The second or counter electrode may be located in the bracelet or strap at a point distant from the first electrode or, alternatively, the two electrodes may be located adjacent to one another but separated by an insulating material.

The term "drug" as used herein embraces most pharmacologically active substances and also nutritional supplements such as vitamins and electrolytes. Especially suitable pharmacologically active substances for use as the drug in the electrode according to the invention include, for example, clonidine or a salt thereof, insulin, morphine, nicotine, orcipreniline or a salt thereof, salbutamol or a salt thereof, sodium chromoglycate and the peptide desmopressin. It will be appreciated that many drugs are actually administered in the form of a pharmaceutically acceptable salt.

As indicated above the device incorporating the electrode according to the invention may be used to administer two drugs simultaneously by the transdermal route. An example of drugs which may be suitably administered in this way are a combination of orcipreniline sulphate or salbutamol and sodium chromoglycate in the treatment of asthma.

Suitable concentrations for the preferred drugs for use in the electrode according to the invention are:

nicotine 0.2-5% (w/v) based on the hydrophilic medium;

clonidine 2-8% (w/v) based on the hydrophilic medium;

salbutamol 1-6% (w/v) based on the hydrophilic medium;

morphine 0.4-8% (w/v) based on the hydrophilic medium;

orcipreniline 0.1-20% (w/v) based on the hydrophilic medium;

sodium chromoglycate 1-10% (w/v) based on the hydrophilic medium;

desmopressin 0.1-5% (w/v) based on the hydrophilic medium; and

insulin 0.1-1% (w/v) based on the hydrophilic medium.

A particular advantage of the present transdermal device is that the electrode incorporating the drug reservoir defined by said hydrophilic medium forms an integral unit which can be discarded once the drug supply is used up. Hence one does not experience the problem which is characteristic of certain conventional transdermal devices which are used in association with an electrode and wherein the drug reservoir only is disposable. With such devices residues of material defining the drug reservoir adhere to the electrode when the drug supply of the reservoir is exhausted. Such residues build up with time, such that the device becomes progressively less effective and it becomes increasingly difficult to transport the drug to the skin surface in use.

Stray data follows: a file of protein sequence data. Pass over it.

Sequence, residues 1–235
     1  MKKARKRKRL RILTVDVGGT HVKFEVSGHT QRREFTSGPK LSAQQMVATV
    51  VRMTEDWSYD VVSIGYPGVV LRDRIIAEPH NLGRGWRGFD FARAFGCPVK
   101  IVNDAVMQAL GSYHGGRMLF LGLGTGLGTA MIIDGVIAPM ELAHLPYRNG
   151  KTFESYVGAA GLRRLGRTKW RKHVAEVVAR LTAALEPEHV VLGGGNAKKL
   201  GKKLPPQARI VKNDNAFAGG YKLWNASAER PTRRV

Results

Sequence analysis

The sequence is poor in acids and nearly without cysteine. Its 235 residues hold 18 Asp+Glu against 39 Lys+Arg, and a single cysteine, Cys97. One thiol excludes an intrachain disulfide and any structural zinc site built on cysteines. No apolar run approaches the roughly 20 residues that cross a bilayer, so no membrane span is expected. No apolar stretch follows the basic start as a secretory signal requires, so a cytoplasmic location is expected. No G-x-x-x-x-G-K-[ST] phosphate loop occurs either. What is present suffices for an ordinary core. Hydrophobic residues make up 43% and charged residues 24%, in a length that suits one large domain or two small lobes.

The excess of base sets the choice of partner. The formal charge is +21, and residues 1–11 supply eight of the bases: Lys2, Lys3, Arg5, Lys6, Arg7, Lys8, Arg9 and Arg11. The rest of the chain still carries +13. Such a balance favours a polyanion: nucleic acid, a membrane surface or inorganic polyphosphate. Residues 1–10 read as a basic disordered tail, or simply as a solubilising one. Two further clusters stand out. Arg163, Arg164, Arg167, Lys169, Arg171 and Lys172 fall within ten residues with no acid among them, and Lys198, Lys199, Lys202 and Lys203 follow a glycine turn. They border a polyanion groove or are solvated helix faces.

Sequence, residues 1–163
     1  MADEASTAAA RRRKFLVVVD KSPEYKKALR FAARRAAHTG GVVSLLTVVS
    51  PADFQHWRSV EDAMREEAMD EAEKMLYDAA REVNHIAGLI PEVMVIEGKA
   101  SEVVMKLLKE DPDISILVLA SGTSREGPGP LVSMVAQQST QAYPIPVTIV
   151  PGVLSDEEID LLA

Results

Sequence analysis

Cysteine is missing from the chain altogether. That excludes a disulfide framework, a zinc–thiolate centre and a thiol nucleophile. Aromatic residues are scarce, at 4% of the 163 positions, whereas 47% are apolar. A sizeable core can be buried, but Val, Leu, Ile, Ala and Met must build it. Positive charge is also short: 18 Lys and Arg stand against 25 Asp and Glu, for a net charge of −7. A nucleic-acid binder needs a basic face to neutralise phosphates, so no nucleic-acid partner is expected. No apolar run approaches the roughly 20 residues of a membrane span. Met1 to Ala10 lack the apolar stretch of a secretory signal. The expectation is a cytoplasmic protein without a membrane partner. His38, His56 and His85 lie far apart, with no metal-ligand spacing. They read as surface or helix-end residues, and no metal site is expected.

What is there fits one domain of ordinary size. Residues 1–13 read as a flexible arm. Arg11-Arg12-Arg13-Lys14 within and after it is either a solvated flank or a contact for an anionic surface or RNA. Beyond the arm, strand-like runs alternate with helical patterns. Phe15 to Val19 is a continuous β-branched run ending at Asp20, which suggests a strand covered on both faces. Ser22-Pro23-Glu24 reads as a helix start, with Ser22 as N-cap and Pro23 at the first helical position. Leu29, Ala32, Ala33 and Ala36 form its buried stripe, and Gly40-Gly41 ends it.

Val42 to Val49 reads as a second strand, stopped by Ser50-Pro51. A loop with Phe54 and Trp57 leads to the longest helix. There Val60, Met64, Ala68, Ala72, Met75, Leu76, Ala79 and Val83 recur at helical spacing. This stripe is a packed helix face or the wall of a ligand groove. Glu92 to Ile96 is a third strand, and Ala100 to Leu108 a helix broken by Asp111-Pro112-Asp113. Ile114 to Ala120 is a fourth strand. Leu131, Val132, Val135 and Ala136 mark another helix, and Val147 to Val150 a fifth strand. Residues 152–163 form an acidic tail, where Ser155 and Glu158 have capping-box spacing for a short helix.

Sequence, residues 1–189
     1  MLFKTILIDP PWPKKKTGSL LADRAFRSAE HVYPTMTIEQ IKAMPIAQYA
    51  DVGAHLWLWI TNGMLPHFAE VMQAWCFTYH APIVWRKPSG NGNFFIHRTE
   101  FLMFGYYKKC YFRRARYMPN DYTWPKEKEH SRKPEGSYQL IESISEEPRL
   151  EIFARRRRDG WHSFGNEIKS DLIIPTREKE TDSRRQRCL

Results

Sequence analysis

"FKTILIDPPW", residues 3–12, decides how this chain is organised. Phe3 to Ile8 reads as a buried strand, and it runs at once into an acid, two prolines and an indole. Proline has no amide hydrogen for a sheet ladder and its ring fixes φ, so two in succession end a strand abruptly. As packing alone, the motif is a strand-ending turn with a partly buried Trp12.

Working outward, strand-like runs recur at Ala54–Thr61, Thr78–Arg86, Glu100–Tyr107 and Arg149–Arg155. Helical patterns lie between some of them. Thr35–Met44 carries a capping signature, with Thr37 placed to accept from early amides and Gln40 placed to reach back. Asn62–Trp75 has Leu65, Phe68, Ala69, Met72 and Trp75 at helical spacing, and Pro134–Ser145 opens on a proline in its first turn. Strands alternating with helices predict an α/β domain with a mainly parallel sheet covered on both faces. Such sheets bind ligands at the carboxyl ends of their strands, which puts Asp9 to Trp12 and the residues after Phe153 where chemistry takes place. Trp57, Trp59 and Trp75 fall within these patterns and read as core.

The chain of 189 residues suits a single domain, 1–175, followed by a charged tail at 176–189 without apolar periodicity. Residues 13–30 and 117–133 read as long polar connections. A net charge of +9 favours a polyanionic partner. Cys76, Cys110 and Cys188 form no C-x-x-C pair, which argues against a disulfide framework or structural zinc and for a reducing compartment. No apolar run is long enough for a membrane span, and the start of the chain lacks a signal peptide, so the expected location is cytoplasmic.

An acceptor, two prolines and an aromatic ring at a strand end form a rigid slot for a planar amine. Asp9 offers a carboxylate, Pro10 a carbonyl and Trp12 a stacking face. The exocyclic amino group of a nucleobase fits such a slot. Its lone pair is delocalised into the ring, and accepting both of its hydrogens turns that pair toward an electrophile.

The hydrophilic gel medium used in the electrode according to the invention is biocompatible, stable, easy to handle and compatible with the conducting material of the electrode.

BRIEF DESCRIPTION OF THE DRAWINGS

The invention will be understood from the following description of an embodiment thereof given by way of example only with reference to the accompanying drawings in which:

FIG. 1a is a schematic representation of a transdermal device incorporating an electrode according to the invention;

FIG. 1b is a schematic representation of the electrode according to the invention;

FIG. 2 is a circuit diagram of the circuit employed in the transdermal device depicted in FIG. 1a;

FIG. 3 is a plot of in vitro nicotine release (mg) versus time (hours) for the electrode as prepared in Example 1;

FIG. 4 is a plot of in vitro clonidine release (mg) versus time (hours) for the electrode as prepared in Example 2;

FIG. 5 is a plot of in vitro salbutamol release (mg) versus time (hours) at 0.25 mA (curve a) and 0.5 mA (curve b) for the electrode as prepared in Example 3;

FIG. 6 is a plot of in vivo salbutamol plasma levels (ng/ml) versus time (hours) for the electrode as prepared in Example 3; and

FIG. 7 is a plot of in vitro morphine release (mg) versus time (hours) for the electrode as prepared in Example 4.

Referring to FIG. 1a of the drawings, there is indicated generally at 1 a transdermal device incorporating a disposable electrode 3 according to the invention, said device 1 comprising a housing 2 for the electrode 3 (FIG. 1b) which consists of an electrically conducting layer 4 and a disc of 4% agar gel 5 in which is dispersed salbutamol at a concentration of 27.5 mg/ml and which is attached to the site of application by means of a strap 6 having at the free ends thereof the cooperating elements of a conventional clasp 7. The electrode 3 is connected by a lead 8 to a source of electrical potential comprising a power supply 9, a control and timing circuit 10, an ammeter 11, a galvanostat 12 and a fixed metal electrode 13 against which is placed the conducting layer 4 of the electrode 3.